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Percy Grainger
Johann Sebastian BACH (1685-1750)

Preludes and Fugues BWV 531-552

Prelude (Fantasia) and Fugue in G minor BWV 542 (arr Liszt)
Prelude and Fugue in A minor BWV 543 (arr Liszt)
Toccata and Fugue in D minor BWV 565 (arr Grainger)
Fryderyk CHOPIN (1809-1847)

Etude in B minor Op. 25 No. 10
Piano Sonata No. 2 in B flat minor Funeral March Op. 35
Piano Sonata No. 3 in B minor Op. 58
Percy Grainger (piano)
Recorded 1925-31
BIDDULPH LHW 010 [79.05]


This release enshrines performances of grandeur, imagination, often bewildering weaknesses but almost unlimited interest. The earliest performance dates from June 1925 and though the rather meagre notes (entirely biographical) make no mention of it the British issue of the Chopin B minor Sonata (Columbia L1695/97, in the USA 67158/60) was the first ever electrical release in the domestic L series. The sound is, amazingly, rather richer and fuller than in the companion B flat minor Sonata recorded three years later. If you start with Grainger’s Chopin I suggest you programme your player to track nine because this is by a long way the more convincing performance. Though there are, as elsewhere on the disc, wrong notes a-plenty, and a rather profligate approach generally, there is an immense sense of animation, exploration and fluency. His rubati are highly personalised as one would expect from a musician of his background but he vests drama and colour in the Allegro first movement and the little Scherzo is a fissure of theatre. In the Largo there is, despite the split chording, a sense of constant motion, of colour and of incident – also of a genuine sense of passion. Despite the attendant technical problems, some of which are simply subsumed into the flux of this theatre, the finale drives ever-onward full of clarity even at a relatively fast tempo and Graingerian exuberance.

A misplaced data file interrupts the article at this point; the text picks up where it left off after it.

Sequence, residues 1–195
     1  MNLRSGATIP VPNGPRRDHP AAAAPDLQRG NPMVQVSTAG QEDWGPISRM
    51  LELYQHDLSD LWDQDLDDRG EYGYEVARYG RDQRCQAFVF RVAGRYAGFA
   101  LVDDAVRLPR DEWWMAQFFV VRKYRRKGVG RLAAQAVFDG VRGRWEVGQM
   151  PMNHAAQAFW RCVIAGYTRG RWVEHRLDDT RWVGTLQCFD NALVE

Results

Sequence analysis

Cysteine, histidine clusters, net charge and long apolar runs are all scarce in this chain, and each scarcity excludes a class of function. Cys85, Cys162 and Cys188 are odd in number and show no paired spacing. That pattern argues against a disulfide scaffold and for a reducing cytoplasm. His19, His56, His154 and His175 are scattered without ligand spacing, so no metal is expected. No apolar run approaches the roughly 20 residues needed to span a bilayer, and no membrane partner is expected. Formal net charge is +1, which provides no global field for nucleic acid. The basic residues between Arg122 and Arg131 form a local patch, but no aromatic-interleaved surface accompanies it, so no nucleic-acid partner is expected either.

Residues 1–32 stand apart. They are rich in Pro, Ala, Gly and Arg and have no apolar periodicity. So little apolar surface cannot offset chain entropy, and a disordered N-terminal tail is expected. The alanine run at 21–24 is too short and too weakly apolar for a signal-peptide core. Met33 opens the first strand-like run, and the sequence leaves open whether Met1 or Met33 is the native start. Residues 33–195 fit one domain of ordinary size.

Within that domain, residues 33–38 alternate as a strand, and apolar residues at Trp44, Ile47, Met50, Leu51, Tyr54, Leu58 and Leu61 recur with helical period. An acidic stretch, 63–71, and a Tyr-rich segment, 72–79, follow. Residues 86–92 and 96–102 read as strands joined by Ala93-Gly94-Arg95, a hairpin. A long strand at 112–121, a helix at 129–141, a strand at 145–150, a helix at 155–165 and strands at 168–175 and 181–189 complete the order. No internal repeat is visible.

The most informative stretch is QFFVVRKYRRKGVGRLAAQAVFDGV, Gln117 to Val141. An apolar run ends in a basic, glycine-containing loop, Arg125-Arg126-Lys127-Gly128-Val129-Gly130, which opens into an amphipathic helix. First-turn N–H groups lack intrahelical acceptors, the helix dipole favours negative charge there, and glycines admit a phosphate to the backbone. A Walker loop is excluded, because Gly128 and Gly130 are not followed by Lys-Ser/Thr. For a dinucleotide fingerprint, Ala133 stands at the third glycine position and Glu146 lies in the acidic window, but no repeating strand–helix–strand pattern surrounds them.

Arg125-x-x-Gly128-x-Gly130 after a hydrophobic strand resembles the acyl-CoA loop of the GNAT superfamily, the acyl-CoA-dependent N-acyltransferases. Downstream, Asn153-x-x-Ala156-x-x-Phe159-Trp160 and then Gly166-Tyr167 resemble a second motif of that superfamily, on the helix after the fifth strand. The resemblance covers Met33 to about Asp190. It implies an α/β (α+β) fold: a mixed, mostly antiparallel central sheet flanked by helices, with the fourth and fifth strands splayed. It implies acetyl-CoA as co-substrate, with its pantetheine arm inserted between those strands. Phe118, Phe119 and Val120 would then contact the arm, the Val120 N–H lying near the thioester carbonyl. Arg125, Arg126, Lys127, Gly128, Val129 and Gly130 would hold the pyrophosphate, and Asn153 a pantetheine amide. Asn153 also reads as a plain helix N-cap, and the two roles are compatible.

The B flat Sonata is something of a disappointment after all these high spirits and power. Much of the opening movement is under too much pedal, the phrasing is strangely unvaried and plain, and the sense of disjunction pervasive. The Scherzo lurches, full of hesitations and unconvincing rubati, and whilst the Funeral March is better, with rolled and spread chords. The sonata as a whole is too indifferently performed to act as a coherent statement. The B minor Etude is much better – strong and sinewy. There is also the by no means little matter of the Bach-Liszt and Bach-Grainger, a trio of mighty and magnificent recordings dating from October 1931. The A minor is full of leonine power with stunning separation of voices and real Lisztian bravura. The Fantasia and Fugue in G minor also in the Liszt arrangement has grandiose monumentality and Grainger’s own arrangement of the D minor has an awesomely Olympian profile.

The transfers are splendidly quiet and full of presence and worthy of Grainger’s memorable playing.

Jonathan Woolf



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